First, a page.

John ‘Accused Sexual Harasser’ Lasseter’s Redemption Arc Continues With ‘Luck’ Trailer

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Apple TV+ is getting into the family entertainment game this year. The CGI Fantasy Comedy Chance stars Eva Noblezada, Simon Pegg and Jane f**king Fonda in a story about an extremely unlucky girl who stumbles into the land of luck with a supposedly Scottish cat. It looks like pretty standard 3D animated shenanigans to me. The latest trailer includes the credit “From the creative visionary who brought you toy story and Cars.’ They just forget to name said accused sexual harasser.

The streaming giant has announced it will distribute animated films from Skydance, the production company founded by young wealthy David Ellison that has credits to the likes of Top Gun: Maverick, geostormand Star Trek Into Darkness. They made a point of spending a lot of money buying big names from Disney, DreamWorks and Pixar. In January 2019, they added John Lasseter to this list.

In November 2017, Lasseter took a six-month leave from his job as chief creative officer of Pixar and Disney Animation after admitting “missteps” in his conduct with female staff members. It was detailed that women were warned about Lasseter’s wandering hands and mistreatment, which included “grabbing, kissing, [and] comment on physical attributes. His behavior was so well known that Pixar had “guardians tasked with containing his impulses”. Seven months later, in June 2018, Disney announced that Lasseter was leaving the company at the end of the year, assuming a consulting role until then. That he was almost immediately picked up by Skydance Animation to lead the studio was surprisingly awkward, but not particularly surprising.

Animation is an infamously tough industry for women, and Pixar’s old boys’ club has spent many years keeping female writers, directors, and animators at bay. Lasseter, who was always marketed to the world as the cuddly and caring uncle of the cartoon world, helped foster this toxic atmosphere, to the point where women were told to stay away from him. Yes, it certainly helps foster a creative workplace where everyone’s ideas are heard when not all women can talk to their boss without fear of being groped.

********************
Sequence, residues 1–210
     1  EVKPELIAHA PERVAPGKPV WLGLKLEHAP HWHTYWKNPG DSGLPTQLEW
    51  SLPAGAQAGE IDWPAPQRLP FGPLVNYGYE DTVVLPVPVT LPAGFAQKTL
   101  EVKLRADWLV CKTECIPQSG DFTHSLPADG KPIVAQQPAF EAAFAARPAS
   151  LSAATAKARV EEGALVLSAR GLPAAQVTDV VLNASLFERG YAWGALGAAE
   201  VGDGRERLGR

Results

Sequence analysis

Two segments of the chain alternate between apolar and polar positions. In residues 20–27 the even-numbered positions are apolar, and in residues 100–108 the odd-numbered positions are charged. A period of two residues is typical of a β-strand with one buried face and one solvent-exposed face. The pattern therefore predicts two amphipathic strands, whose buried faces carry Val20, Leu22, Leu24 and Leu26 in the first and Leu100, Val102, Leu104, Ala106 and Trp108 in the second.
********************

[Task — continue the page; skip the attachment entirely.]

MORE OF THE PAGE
Apple has worked overtime to clean up Lasseter’s image. The Hollywood Reporter recently published an article about Lasseter’s comeback that reads like a press release. Lasseter is praised for “quietly building an independent animation studio inspired by some of the same principles that guided Pixar in its early days under co-founder Steve Jobs – namely the idea that excellence is the best strategy commercial”. Female directors employed by Skydance, including Chance director Peggy Holmes, praise their working relationship with him as that of a “great mentor” and a “master storyteller”. He’s also been touted for bringing in big names like his pals Alan Menken and Brad Bird. It reads like whitewash to me, with little room for those who have been hurt or who understand the toxicity of the industry he helped promote. A dissenting voice, Ashlyn Anstee, director of Cartoon Network, is insightful noting: “It’s more about letting a so-called creative genius continue to occupy positions and space in an industry that could begin to be filled of different people”. I would like the leaders above Lasseter to consider what they value and what they are willing to take a chance on.

The thing about declaring someone a “genius” is that you give them a bulletproof shield against legitimate concerns and a higher platform than anyone else to yell at them. The work Lasseter did at Pixar and Disney is forever elevated in importance over the women, his employees, who had to deal with his wandering hands. Not only that, but said “genius” is prioritized by the likes of Apple and David Ellison time and time again. They hired him ALMOST IMMEDIATELY after he was fired by Disney, and even then the latter company kept letting him hang around and being paid handsomely when so many women struggled to stay in a field that often seemed the to hate. Oh but we just have to hire the man who confessed to being a stalker because he can get all his buddies to hang out with us. Why bother looking for underserved talent who could benefit from our support? It’s too much work.


Kayleigh is an editor and managing editor for Pajiba. You can follow her on Twitter or listen to his podcast, The Hollywood Read.



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